— The committee has made public the memo that prompted a federal judge to conclude Trump and JOHN EASTMAN “likely” committed felonies, Kyle Cheney reports in Congress Minutes. The December 2020 email from KENNETH CHESEBRO to RUDY GIULIANI laid out a strategy for “MIKE PENCE to halt the certification of Joe Biden’s victory on Jan. 6, 2021.”


THE JOBS PICTURE — The labor market remains tight as a drum, with new Labor Department data today showing 11.4 million job openings, down from March but still close to an all-time record. And the “Great Resignation” is continuing apace, with about 4.4 million Americans leaving their jobs in April even as layoffs hit a record low. The high hiring demand is an ongoing “bright spot for the U.S. economy,” reports WaPo’s Abha Bhattarai.

INFLATION NATION — WSJ’s J.J. McCorvey has a dispatch from Nashville, where high prices are taking an exceptionally heavy toll, thanks to a fast-growing population, poor transit/high car usage, and high day care and utilities costs. “Many Nashville residents said in interviews that they are cutting back their spending or taking on more work. Nearly all of them are re-evaluating their budgets to determine what is a necessity and what isn’t. Some have had enough and are leaving town.”


THE BRAVE NEW WORLD — Underlying atrocities like the mass shooting in Buffalo, N.Y., is this reality about our current internet: Once-fringe violent, racist ideas have been mainstreamed by much easier online access, NYT’s Steven Lee Myers and Stuart Thompson report. “More and more outlets, both fringe and mainstream, host bigoted content, often in the name of free speech. And the inability — or unwillingness — of online services to contain violent content threatens to draw more people toward hateful postings.”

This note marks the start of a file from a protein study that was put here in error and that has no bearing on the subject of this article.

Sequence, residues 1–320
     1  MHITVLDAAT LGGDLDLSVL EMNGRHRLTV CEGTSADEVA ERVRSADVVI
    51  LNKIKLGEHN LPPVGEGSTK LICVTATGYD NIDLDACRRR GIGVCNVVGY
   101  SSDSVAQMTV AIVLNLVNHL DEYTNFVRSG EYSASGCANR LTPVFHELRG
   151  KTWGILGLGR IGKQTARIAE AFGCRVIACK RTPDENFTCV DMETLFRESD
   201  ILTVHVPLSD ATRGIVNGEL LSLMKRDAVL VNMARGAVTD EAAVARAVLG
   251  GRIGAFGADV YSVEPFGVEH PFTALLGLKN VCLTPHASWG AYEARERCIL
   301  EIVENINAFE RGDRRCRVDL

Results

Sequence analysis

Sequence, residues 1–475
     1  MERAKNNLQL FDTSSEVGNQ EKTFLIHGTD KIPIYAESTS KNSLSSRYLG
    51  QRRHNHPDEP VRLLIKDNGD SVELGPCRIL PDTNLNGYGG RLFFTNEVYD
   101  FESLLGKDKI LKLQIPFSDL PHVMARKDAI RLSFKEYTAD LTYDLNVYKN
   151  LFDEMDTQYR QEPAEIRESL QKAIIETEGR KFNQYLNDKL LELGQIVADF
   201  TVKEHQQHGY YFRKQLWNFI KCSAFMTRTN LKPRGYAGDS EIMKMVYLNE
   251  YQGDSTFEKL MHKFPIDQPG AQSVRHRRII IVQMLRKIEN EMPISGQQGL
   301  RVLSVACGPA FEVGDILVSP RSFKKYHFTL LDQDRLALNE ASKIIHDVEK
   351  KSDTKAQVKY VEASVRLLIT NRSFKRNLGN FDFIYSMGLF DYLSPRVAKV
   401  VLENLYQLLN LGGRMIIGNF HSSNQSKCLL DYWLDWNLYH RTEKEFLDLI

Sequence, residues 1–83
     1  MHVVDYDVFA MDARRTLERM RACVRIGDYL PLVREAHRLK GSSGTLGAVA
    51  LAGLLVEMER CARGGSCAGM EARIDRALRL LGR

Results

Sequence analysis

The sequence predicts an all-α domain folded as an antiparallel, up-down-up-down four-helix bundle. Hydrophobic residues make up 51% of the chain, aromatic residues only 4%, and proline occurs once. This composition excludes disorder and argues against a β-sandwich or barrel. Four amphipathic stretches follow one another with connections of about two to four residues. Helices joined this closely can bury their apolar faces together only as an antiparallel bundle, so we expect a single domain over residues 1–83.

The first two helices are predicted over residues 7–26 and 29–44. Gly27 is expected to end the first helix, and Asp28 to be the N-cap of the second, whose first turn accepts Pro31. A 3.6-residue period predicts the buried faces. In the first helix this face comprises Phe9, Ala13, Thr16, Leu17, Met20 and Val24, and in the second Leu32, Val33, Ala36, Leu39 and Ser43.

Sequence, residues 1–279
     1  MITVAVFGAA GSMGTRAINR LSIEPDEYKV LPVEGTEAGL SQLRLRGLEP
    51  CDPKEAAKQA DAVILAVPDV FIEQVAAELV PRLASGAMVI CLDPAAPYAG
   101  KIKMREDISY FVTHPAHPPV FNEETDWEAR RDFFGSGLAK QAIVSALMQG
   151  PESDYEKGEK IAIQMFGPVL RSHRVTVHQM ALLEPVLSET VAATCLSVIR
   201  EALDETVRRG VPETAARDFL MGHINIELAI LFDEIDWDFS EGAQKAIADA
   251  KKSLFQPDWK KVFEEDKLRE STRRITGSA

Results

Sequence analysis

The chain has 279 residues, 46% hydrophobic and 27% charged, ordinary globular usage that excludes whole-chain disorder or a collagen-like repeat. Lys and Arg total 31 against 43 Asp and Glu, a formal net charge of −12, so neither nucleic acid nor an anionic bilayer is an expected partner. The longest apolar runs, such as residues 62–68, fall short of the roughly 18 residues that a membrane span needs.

ON THE GROUND — Chris Miller has an eye-opening dispatch from the eastern fronts where Russia is hammering Ukrainian forces. In this moment of the war, heavy weaponry plays the biggest role, as troops fire at each other from a distance, usually unseen, with massive artillery. That’s advantage Russia, as Ukraine waits for more heavy weapons from Western allies. And in the Luhansk region, Ukraine is considering making a strategic withdrawal amid Russian advances. “Some soldiers told POLITICO they believed a strategic withdrawal would not have been considered or necessary had Western weapons arrived in the East sooner.”

BIG ADMISSION — Gen. PAUL NAKASONE, the head of U.S. Cyber Command, told Sky News’ Alexander Martin that American military hackers have supported Ukraine with “offensive operations,” the first time the U.S. has acknowledged doing so. Nakasone said all the activities were legal and conducted with appropriate oversight.

THE VIEW FROM MOSCOW — The Kremlin reacted angrily to news of the U.S. plans to send more long-range weapons to Ukraine, with a spokesperson saying they’re “pouring fuel on the fire,” per Bloomberg.

— Meanwhile, the U.K. is asking the U.S. for an okay on their plan to send similar weapons to Ukraine, Alex Ward, Lara Seligman and Paul McLeary scooped. Biden spoke with British PM BORIS JOHNSON this morning.